July 5, 2018 / 7:56 AM / 14 days ago

Carmaker Opel to face labor resistance to R&D division sale

RUESSELSHEIM, Germany (Reuters) - Opel’s management will face fierce resistance from its workers to a possible sale of the German carmaker’s research and development arm, its top labor boss said on Thursday.

Wolfgang Schaefer-Klug, chairman of the works council of Opel addresses the media after a staff meeting in Ruesselsheim, Germany July 5, 2018. REUTERS/Ralph Orlowski

U.S. automaker General Motors (GM.N) sold loss-making Opel and its British sister brand Vauxhall to France’s Groupe PSA (PEUP.PA) in a $2.6 billion deal last year.

PSA is now looking to sell some of Opel’s R&D operations as part of its effort to restore profitability at Opel by 2020 for the first time in two decades, French newspaper Le Monde reported on Tuesday.

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“This won’t go through without resistance. We believe a sale would threaten Opel’s existence,” Opel works council chief Wolfgang Schaefer-Klug told journalists following a staff meeting at the carmaker’s headquarters in Ruesselsheim.

“It will be difficult to reach an agreement (on a sale). There is great concern that not much will be left of Opel (after a sale of the R&D ops),” Schaefer-Klug said.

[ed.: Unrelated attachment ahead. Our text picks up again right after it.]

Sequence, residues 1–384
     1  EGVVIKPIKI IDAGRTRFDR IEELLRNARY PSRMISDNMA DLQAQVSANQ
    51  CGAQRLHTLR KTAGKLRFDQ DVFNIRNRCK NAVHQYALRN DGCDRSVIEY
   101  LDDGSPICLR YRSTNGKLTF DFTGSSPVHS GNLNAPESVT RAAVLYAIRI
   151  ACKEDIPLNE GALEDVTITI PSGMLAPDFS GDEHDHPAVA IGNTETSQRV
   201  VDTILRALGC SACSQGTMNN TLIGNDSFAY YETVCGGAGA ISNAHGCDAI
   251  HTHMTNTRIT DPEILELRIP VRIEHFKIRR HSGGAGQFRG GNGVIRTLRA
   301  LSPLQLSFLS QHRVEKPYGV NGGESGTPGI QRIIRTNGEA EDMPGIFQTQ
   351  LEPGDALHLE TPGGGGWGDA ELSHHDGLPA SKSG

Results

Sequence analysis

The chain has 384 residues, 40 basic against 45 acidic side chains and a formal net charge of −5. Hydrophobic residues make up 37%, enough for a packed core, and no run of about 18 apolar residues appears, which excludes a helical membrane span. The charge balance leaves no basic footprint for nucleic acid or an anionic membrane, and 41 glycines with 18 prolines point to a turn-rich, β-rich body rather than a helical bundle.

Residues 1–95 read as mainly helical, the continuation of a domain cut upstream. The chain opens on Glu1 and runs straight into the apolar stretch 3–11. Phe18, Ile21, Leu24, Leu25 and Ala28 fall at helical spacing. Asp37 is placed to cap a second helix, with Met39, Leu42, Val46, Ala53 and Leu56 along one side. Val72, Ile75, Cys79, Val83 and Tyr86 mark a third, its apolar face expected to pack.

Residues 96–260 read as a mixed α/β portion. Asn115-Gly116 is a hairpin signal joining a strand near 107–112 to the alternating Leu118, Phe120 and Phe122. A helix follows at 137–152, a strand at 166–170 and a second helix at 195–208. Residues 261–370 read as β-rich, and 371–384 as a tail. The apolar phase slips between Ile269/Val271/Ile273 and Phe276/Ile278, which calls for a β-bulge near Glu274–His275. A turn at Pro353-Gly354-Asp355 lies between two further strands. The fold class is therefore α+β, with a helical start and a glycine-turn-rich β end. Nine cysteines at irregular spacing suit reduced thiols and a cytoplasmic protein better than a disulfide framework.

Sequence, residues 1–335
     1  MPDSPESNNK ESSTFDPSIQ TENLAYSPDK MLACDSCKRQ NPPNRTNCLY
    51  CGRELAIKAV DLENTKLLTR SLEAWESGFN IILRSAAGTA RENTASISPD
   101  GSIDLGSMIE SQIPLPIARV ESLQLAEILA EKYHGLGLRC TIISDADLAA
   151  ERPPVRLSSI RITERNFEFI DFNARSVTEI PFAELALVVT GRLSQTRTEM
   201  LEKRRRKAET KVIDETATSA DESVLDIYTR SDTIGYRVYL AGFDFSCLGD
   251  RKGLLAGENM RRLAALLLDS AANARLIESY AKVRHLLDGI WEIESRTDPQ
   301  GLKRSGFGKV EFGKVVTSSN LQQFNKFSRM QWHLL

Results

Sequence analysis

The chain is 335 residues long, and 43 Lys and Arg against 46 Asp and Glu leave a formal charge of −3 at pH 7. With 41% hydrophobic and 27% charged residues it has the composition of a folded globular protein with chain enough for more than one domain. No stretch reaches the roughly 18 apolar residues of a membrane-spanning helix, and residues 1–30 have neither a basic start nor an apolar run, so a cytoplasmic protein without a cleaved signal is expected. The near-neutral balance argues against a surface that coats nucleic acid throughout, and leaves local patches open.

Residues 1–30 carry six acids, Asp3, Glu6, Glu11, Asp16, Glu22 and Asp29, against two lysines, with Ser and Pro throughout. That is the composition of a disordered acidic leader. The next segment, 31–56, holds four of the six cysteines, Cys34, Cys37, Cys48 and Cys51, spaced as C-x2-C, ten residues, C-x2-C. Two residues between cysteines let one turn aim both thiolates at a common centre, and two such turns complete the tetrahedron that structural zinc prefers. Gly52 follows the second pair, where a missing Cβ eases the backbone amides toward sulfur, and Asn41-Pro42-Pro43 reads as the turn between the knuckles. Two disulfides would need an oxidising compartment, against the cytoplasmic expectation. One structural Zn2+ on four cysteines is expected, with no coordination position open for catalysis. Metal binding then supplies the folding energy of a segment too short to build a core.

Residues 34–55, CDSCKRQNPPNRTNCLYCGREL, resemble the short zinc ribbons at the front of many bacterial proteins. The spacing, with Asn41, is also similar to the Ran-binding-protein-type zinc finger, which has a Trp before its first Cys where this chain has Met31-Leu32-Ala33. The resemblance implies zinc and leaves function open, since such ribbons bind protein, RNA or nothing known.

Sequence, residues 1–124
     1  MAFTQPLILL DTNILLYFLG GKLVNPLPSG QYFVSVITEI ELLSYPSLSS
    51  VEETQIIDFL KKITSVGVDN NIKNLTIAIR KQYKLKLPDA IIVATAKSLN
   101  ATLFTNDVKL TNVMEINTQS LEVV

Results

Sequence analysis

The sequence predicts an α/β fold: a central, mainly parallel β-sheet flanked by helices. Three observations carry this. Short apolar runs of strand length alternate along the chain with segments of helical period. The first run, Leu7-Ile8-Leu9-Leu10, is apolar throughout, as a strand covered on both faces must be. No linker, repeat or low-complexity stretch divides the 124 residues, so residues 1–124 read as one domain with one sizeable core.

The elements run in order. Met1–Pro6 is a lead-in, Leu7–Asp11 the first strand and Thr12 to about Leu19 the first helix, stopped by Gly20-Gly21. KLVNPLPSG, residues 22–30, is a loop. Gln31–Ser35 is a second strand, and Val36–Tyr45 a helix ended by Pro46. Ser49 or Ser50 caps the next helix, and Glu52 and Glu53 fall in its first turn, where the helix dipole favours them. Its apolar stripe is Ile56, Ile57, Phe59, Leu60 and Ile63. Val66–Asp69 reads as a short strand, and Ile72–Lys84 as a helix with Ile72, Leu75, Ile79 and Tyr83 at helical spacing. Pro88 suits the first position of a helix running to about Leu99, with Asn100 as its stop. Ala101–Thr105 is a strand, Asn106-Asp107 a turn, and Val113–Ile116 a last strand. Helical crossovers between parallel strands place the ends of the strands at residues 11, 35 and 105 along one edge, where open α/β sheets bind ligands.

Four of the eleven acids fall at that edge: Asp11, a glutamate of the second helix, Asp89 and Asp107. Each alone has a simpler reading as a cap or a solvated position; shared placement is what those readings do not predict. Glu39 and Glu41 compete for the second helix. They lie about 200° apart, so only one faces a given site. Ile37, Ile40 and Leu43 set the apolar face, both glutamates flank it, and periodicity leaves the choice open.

Nonetheless, Opel’s workers would not sabotage a labor agreement struck in May that offers wage concessions in exchange for investments in its German plants, which is expected to be signed on Friday, he added.

PSA and Opel have sounded out automobile engineering firms over the last few months on offers for four sections of the R&D business which is valued at about 500 million euros ($584 million), Le Monde reported.

Opel said on Wednesday that no decision had been made but that it was looking at options for the R&D arm considering the workload from GM would drop over the coming years.

Le Monde said French firms Altran, Akka and Segula and Germany’s Bertrandt (BDTG.DE) had been approached.

Citing an internal document from mid-May, Le Monde said the sale would cover Vehicle Engineering, Propulsion Engineering, Tool & Die Operations and the test center.

The sections employ about 3,980 people, including at Opel’s historic headquarters.

According to the document, the sale could come by the end of the year, which Schaefer-Klug said was unlikely to happen as labor representatives would need to be consulted first.

Reporting by Arno Schuetze; writing by Maria Sheahan; editing by Victoria Bryan/Jason Neely/Alexander Smith

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